The Multi-layer DDLSTM can benefit from a gradual increase in cross-contamination, from lower to higher layers. This is based on the assumption that more shared information will be present in higher-layer representations than domain-specific lower-layers. This was shown to be the case in CNNs  where cross-contamination increases as the network goes from deep to shallow. In Section 5, we test DDLSTM architectures with up to 10 layers, and show 3 layers give the best performance.
For this work, we use the three largest datasets of cooking-related activities with framewise action labels, which are all based around activities in the kitchen. These are the Breakfast , 50 Salads  and MPII Cooking 2  datasets. There is very little label crossover as they are captured in different environments, with different viewpoints, participants and recipes. However, we assume temporal dependences in the common tasks can be leveraged during a shared training process. Some visual examples are given, along with qualitative results of some experiments, in Figure 6. For all datasets in this paper, 4 train/test splits are used, with 75% training and 25% testing. All splits use leave-person-out, i.e. no participant appears in both training and testing sets from the same split.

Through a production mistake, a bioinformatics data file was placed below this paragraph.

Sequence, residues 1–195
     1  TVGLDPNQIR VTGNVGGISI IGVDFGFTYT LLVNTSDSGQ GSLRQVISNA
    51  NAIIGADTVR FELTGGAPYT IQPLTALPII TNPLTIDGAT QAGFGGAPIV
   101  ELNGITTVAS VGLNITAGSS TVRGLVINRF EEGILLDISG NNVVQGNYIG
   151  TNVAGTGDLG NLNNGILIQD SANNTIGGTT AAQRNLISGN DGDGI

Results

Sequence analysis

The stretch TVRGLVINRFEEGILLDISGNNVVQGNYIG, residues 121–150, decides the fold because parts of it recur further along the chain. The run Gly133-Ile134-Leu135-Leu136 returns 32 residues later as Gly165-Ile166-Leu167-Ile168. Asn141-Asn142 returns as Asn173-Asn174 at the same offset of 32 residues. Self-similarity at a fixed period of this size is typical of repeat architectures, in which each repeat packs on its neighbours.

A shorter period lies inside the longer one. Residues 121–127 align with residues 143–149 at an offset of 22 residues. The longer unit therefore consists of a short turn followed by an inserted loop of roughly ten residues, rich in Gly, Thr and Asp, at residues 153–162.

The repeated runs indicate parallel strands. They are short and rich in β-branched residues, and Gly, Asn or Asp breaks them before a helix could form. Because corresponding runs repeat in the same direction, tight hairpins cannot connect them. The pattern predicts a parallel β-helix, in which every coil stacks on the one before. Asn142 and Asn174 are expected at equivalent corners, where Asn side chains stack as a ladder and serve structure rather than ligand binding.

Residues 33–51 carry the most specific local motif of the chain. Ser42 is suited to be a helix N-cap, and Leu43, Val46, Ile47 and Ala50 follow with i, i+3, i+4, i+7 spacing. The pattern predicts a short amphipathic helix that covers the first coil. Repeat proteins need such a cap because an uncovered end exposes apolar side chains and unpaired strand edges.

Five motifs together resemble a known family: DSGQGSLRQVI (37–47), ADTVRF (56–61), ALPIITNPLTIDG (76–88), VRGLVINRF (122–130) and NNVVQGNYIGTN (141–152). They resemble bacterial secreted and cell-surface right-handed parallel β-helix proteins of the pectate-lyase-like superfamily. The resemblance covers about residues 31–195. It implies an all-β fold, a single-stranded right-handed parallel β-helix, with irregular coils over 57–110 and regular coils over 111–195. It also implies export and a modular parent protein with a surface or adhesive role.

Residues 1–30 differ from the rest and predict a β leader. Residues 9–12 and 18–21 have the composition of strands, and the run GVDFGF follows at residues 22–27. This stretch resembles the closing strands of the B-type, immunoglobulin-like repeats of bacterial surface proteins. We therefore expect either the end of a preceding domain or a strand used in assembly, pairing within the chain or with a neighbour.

Note that datasets such as UCF , HMDB  and Kinetics  are not suitable here because they only contain a single action class per video sequence. For online action classification, where each frame is classified as soon as it is seen, multiple actions are required for each video to ensure a robust evaluation. Datasets which would fit this criteria include THUMOS  and ActivityNet , but they lack the task related-ness of Breakfast, 50 Salads and MPII Cooking, as we show in Section 5.4.